CIE Seminar Series 2017 – Protective colouration and warning signalling of European vipers, and a bit of mimicry

SPEAKER: Dr Janne Valkonen, Centre of Excellence in Biological Interactions, University of Jyvaskyla, Finland

DATE: Friday, 31st March 2017
LOCATION: Geelong Campus at Waurn Ponds – room ka4.207
TIME: 1:30pm
Seminar will also be video linked to the following campuses: Melbourne Campus at Burwood – Burwood Corporate Centre (attendees-please report to reception on the day); and Warrnambool Campus, Room B3.03

External visitors – wish to join us and connect to our seminars?

  • You may connect to the live seminar via *N SEBE VMP LES Seminars [ID.36958] or via the methods listed HERE.
  • For Deakin staff and students, please join via Skype for Business (Lync).
  • Could not log in? More info on how to connect is available HERE.
  • Please note that connection is only available while a seminar is taking place.

As a courtesy, we request that when connecting to the seminar that you mute your microphone unless you are required to speak, this would ensure that the sound from the speaker to the audience is not disrupted by feedback from your microphone – thank you!

ABSTRACT: Camouflage and warning signalling have been conventionally treated as distinct strategies exploiting opposing ends of the detectability axis. Detectability and appearance of an animal are not only dependent on receiver´s vision and cognition, light conditions and background against which it is perceived, but it can be also altered by the animal’s behaviour. Thus, the protective function of animal colouration may be achieved via several mechanisms. Venomous European vipers appear hard to detect while coiled in basking posture. When detected they are easy to recognise because of their zigzag dorsal pattern. However, when approached by a potential enemy, vipers often flee. During escape, the zigzag pattern can make both movement speed and direction hard to estimate.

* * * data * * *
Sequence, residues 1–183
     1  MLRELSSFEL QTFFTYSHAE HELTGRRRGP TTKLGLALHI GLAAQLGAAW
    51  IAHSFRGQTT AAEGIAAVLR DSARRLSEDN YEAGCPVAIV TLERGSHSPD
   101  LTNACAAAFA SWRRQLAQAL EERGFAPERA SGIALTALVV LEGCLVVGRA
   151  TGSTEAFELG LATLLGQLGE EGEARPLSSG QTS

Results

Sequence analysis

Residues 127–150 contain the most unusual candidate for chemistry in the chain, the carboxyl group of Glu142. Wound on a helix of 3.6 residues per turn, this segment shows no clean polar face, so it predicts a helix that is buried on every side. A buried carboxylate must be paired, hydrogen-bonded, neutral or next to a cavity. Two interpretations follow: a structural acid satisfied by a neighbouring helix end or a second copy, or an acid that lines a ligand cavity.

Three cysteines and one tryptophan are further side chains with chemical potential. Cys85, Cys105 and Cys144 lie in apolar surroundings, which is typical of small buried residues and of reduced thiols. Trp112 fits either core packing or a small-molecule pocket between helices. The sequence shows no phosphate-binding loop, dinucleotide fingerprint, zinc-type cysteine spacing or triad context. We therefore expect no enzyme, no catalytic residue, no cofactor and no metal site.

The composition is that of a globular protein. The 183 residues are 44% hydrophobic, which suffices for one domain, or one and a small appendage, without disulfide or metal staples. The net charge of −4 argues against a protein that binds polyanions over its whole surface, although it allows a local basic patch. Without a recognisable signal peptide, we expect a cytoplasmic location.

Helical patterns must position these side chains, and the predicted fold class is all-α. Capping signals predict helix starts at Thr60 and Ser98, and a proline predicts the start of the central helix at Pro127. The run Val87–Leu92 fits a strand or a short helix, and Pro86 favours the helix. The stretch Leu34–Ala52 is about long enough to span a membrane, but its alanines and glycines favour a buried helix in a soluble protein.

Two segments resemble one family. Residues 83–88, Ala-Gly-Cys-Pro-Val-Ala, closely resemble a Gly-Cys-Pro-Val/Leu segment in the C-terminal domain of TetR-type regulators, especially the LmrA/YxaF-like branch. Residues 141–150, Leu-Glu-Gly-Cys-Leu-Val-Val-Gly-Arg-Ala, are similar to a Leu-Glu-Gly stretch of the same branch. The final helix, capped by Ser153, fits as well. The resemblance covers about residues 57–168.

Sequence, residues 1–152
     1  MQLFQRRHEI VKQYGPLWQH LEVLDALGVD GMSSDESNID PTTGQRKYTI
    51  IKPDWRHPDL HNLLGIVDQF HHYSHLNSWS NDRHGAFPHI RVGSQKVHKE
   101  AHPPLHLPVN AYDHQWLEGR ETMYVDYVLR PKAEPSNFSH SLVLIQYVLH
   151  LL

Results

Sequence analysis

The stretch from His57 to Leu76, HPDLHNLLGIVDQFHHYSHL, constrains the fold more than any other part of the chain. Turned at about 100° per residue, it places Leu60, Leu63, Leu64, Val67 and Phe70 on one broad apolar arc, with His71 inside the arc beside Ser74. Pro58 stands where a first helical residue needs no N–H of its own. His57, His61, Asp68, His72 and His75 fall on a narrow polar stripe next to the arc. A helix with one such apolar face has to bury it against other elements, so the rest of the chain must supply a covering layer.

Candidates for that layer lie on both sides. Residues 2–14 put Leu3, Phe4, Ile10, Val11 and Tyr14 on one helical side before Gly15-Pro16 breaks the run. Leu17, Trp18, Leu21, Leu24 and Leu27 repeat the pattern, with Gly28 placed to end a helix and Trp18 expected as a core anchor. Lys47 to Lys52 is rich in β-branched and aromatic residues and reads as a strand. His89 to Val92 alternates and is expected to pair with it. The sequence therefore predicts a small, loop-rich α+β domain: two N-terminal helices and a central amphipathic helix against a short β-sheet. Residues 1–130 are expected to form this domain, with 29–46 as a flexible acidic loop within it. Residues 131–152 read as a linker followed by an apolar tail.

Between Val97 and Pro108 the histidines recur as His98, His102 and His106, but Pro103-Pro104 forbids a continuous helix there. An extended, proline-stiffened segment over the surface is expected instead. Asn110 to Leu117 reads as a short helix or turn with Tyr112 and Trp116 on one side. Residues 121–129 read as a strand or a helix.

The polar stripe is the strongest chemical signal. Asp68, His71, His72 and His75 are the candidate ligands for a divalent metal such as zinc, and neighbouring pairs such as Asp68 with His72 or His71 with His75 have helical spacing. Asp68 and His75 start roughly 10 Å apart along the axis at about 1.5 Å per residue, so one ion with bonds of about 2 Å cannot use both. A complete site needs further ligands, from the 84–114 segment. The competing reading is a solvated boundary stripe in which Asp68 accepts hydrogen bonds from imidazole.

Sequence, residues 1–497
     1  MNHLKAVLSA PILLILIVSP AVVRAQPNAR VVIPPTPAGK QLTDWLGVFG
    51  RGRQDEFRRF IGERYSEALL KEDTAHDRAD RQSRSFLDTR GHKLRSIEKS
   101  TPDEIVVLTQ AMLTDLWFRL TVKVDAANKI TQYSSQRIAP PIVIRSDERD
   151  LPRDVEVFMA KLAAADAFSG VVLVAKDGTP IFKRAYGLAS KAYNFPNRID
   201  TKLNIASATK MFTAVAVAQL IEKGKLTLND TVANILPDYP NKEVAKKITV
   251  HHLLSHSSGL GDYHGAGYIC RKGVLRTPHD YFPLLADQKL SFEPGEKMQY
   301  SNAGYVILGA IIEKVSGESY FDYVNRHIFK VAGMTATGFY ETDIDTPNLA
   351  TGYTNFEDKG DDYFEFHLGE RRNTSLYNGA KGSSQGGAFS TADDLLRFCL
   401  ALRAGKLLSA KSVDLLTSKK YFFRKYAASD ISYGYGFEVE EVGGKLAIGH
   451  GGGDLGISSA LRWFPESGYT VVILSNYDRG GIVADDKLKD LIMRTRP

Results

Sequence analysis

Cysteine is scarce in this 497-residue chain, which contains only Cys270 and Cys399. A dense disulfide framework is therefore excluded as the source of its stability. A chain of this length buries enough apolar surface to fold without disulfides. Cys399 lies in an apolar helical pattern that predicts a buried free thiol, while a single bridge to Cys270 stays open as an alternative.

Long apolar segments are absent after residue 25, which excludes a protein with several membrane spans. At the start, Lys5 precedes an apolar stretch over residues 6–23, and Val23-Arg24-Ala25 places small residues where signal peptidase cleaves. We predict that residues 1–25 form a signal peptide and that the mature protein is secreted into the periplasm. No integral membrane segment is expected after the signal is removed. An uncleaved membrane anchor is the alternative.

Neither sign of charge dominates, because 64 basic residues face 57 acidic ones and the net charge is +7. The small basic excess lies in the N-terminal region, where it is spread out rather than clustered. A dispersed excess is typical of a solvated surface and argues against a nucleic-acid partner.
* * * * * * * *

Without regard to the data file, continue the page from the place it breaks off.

In this seminar I present field and laboratory experiments testing the function of vipers’ protective colouration before and after detection, and discuss findings can explain their inconspicuous warning colouration.

Some non-venomous species are mimicking venomous vipers in order to enhance their survival. Yet the natural advantage of repelling predators may be counteracted by humans inclined to kill species that they consider dangerous. I will introduce the case of the protected, endangered, non-venomous smooth snake (Coronella austriaca) that mimics the non-protected venomous viper (Vipera berus), both of which occur in the Åland archipelago, Finland.

Resemblance of vipers enhances survival of smooth snakes against predation because many predators avoid touching venomous vipers. Mimetic resemblance is however disadvantageous against human predators, who kill vipers and may accidentally kill harmless, endangered smooth snakes. Human induced costs may counterbalance benefits of viper-mimicry and it may not be beneficial anymore in human influenced habitats.

BIO: MSc. University of Jyväskylä 2011 / /PhD. University of Jyväskylä 2014. Current position: Postdoctoral researcher (2014 onwards) Centre of Excellence in Biological Interactions, University of Jyväskylä, Finland.

I lost my hart to herpetology over 20 years ago and still reptiles and amphibians are my favourite. However, my main research interests are broadly in animal communication, behavioural ecology and predator prey interactions and I have been working with several study systems (e.g. lizards, snakes, frogs, moths, beetles, butterflies, birds, fish, human).

In addition to my main interests in behavioural ecology, I also just started a project studying biogeography and invasion status of Pelophylax frogs in Finland.

Appointments with guest speaker may be made via John.Endler.